Medical textiles are versatile fibrous fabrics designed to safely treat wounds and medical conditions. You will generally find one of two main groups of fibers utilized within medical textiles: commodity fibers and specialty fibers.
Commodity fibers are fairly standard and are often made out of materials such as cotton, polyester, or nylon. Specialty fibers, on the other hand, are more unique. Also known as high-performance fibers, specialty fibers are specifically designed to have a wider range of technical uses when compared to commodity fibers. These small-batch fibers each fill a niche within the industry and can be sorted into three groups: high strength, heat resistant, and chemical resistant.
Medical textiles differ from other types of fabrics in that they are designed with medical use in mind. As such, they have a number of properties that make them ideal for use in this field. Medical textiles are typically:
- Fully biocompatible
Since there are such a large range of applications for medical textiles, they are categorized into four different categories :
These medical textiles are biocompatible and designed to be used within the human body. Implantable materials have a wide range of restorative uses—for example, they may be used to replace damaged blood vessels, suture wounds, stand in as artificial skin, or replace damaged heart valves. Since it is absolutely vital that implantable materials pose no biological risks, the International Organization for Standardization (ISO) performs vigorous testing to ensure the biocompatibility of these textiles.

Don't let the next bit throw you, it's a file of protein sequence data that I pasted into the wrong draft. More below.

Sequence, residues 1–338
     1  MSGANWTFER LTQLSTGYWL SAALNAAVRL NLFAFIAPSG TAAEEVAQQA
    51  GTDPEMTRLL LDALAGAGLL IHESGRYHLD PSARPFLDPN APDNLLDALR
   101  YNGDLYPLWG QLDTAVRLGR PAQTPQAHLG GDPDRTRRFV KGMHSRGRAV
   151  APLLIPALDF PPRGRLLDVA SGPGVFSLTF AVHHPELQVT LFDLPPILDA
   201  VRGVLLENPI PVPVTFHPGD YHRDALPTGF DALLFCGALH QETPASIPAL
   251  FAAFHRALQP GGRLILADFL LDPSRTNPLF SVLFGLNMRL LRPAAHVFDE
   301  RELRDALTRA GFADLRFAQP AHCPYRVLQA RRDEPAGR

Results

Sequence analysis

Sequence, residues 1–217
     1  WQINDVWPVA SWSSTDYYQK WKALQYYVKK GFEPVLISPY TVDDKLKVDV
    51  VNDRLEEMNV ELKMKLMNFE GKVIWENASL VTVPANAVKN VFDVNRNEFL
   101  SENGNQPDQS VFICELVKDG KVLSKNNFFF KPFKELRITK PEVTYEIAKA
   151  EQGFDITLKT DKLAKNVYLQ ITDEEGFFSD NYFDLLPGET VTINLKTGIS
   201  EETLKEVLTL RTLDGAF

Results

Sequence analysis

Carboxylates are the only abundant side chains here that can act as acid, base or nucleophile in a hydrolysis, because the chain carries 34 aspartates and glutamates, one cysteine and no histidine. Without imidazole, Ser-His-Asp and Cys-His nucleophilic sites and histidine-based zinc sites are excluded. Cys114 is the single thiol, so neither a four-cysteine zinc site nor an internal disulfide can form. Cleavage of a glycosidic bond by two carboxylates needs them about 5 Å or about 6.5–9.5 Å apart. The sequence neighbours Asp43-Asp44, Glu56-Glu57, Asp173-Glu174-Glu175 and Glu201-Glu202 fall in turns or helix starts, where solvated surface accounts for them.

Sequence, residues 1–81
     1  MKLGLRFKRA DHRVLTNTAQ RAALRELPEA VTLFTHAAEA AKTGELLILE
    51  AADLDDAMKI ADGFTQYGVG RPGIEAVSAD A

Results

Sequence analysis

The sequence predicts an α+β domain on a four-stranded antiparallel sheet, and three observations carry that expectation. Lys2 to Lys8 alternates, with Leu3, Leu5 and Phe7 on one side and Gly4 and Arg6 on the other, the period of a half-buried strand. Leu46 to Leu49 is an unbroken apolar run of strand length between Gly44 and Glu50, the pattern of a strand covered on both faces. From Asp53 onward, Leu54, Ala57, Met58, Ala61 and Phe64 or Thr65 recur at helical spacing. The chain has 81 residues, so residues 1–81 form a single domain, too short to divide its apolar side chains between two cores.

While non-implantable textiles are safe for use on the skin, they are never implanted within the body. Some examples of non-implantable materials include bandages, surgical dressings, and gauze—essentially, any type of textile that comes into direct contact with a wound but is not absorbed into the body.
. Extracorporeal Devices
This type of medical textile is used as a stand-in for essential organs that aren’t functioning correctly. Generally, these devices are made from hollow fibers. Examples include:
- Mechanical lungs
- Artificial kidneys
- Artificial livers
. Healthcare and Hygiene
This category makes up a large portion of the medical textiles market. Healthcare and hygiene products are designed to either be washable or discarded after a single use. Some examples include:
- Patient lift systems/body slings
- Surgical gowns
- Mattress covers
These textiles help to prevent infection and contamination in a broad range of healthcare applications.
Jason Mills Medical Textile Offerings
At Jason Mills, we strive to meet the healthcare industry’s constantly evolving needs. We research, design, and engineer each of our medical textile products to ensure that they are of the highest quality. Our product offerings include anti-microbial fabrics, water repellent finishes using the latest chemical technology, and mesh for IV infusion bag support. We also offer extreme load-bearing fabrics that can be used as patient slings.
To make these products, we offer a range of medical textiles in various fiber types and finishes to ensure the broadest application reach. Our offerings include: